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From forest soil to the canopy: increased habitat diversity does not increase species richness of Cercozoa and Oomycota in tree canopies
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  • Robin-Tobias JaussOrcid,
  • Susanne Walden,
  • Anna-Maria Fiore-Donno,
  • Kenneth Dumack,
  • Stefan Schaffer,
  • Ronny Wolf,
  • Martin SchlegelOrcid,
  • Michael Bonkowski
Robin-Tobias Jauss
Orcid
University of Leipzig Faculty of Life Sciences
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Susanne Walden
University of Cologne Faculty of Mathematics and Natural Sciences
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Anna-Maria Fiore-Donno
University of Cologne Faculty of Mathematics and Natural Sciences
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Kenneth Dumack
University of Cologne Faculty of Mathematics and Natural Sciences
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Stefan Schaffer
University of Leipzig Faculty of Life Sciences
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Ronny Wolf
University of Leipzig Faculty of Life Sciences
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Martin Schlegel
Orcid
University of Leipzig Faculty of Life Sciences
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Michael Bonkowski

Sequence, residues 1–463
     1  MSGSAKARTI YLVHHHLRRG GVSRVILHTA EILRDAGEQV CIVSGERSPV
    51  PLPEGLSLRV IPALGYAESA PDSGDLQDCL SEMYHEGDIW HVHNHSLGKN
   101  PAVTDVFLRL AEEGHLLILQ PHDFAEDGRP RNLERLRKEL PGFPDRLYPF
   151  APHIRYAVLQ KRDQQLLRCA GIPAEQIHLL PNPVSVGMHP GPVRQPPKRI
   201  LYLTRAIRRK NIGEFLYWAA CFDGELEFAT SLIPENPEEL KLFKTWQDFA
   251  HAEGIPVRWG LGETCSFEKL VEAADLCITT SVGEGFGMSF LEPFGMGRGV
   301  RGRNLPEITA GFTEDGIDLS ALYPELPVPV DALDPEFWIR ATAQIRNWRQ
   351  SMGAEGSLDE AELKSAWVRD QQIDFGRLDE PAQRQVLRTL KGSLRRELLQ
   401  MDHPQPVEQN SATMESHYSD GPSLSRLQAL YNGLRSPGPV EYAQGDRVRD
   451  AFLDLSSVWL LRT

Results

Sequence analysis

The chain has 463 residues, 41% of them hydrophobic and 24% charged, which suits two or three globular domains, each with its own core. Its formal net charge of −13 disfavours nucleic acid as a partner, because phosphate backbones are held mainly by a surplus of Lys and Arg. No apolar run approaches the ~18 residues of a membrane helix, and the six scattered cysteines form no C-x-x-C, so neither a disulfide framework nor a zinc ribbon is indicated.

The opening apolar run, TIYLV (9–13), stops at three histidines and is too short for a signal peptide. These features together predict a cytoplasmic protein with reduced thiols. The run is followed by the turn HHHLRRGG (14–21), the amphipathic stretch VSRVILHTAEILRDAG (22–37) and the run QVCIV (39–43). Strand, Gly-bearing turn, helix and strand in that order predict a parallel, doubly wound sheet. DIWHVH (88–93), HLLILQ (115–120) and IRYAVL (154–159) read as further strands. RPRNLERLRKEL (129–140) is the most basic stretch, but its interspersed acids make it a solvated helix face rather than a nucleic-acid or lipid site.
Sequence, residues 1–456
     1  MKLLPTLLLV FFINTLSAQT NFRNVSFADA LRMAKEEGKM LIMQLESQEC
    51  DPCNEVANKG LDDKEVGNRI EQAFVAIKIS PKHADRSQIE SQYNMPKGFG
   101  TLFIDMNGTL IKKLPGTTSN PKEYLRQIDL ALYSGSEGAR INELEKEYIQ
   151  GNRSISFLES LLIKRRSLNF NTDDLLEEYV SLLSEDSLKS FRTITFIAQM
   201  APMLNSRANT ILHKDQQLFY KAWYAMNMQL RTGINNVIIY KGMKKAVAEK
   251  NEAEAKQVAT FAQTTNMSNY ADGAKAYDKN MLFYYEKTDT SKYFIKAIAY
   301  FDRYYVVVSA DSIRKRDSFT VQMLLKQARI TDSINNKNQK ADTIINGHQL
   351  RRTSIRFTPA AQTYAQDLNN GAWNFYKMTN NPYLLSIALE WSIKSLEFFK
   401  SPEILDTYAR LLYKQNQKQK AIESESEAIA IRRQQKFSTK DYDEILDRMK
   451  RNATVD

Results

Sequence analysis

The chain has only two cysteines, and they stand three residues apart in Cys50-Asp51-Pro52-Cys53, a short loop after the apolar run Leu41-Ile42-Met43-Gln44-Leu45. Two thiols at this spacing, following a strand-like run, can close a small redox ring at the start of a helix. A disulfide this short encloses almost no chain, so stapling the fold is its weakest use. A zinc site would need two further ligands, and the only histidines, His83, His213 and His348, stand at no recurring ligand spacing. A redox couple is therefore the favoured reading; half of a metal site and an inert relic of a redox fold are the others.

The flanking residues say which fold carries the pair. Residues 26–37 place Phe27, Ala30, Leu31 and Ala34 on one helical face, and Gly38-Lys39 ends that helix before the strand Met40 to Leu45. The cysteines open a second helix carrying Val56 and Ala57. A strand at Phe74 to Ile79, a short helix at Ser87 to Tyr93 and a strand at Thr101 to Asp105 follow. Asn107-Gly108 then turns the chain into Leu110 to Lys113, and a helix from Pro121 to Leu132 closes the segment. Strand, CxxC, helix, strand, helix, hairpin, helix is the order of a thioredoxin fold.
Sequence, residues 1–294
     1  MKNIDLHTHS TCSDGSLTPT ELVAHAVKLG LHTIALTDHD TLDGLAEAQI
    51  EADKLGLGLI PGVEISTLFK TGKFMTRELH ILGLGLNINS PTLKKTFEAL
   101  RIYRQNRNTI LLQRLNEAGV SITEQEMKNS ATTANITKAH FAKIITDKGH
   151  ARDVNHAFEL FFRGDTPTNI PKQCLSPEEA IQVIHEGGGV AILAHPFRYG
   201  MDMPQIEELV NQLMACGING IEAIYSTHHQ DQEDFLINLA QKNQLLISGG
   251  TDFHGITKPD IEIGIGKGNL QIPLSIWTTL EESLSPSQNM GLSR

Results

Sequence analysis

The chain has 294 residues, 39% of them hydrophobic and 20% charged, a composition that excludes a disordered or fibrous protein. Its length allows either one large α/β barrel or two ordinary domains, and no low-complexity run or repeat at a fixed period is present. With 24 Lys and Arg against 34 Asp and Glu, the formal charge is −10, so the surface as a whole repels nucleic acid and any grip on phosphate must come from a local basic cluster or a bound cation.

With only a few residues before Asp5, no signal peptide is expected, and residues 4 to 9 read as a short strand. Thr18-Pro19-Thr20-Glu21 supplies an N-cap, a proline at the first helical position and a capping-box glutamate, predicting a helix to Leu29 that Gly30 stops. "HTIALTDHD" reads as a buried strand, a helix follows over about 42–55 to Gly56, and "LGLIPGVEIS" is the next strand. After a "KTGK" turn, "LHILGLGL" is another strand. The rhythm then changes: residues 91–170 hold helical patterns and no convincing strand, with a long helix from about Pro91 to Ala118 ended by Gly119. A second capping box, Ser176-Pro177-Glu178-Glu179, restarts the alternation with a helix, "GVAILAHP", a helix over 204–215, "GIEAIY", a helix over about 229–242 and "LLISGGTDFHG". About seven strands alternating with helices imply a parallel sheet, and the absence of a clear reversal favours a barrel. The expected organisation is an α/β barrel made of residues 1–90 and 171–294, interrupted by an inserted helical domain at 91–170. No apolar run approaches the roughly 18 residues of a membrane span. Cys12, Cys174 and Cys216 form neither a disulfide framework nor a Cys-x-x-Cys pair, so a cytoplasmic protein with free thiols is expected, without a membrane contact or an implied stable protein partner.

University of Cologne Faculty of Mathematics and Natural Sciences
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Peer review status:UNDER REVIEW

11 Apr 2020Submitted to Molecular Ecology
13 Apr 2020Assigned to Editor
13 Apr 2020Submission Checks Completed
11 May 2020Reviewer(s) Assigned
25 Jun 2020Review(s) Completed, Editorial Evaluation Pending

Abstract

Tree canopies provide habitats for diverse and until now, still poorly characterised communities of microbial eukaryotes. One of the most general patterns in community ecology is the increase in species richness with increasing habitat diversity. Thus, environmental heterogeneity of tree canopies should be an important factor governing community structure and diversity in this subsystem of forest ecosystems. Nevertheless, it is unknown if similar patterns are reflected at the microbial scale within unicellular eukaryotes (protists). In this study, high-throughput sequencing of two prominent protistan taxa, Cercozoa and Oomycota, was performed. For a comprehensive assessment of their diversity across all ecological compartments from forest soils to the canopy, group specific primers were used. When taking OTU abundances into account, our results showed highly dissimilar protistan communities within the investigated microhabitats. We observed no pattern of nestedness, because the majority of OTUs was present in all sampled microhabitats. According to the microbiological tenet ‘Everything is everywhere, but, the environment selects’, habitat diversity strongly favoured distinct protistan taxa in terms of abundance, but due to their almost ubiquitous distribution the effect of species richness on community composition was negligible.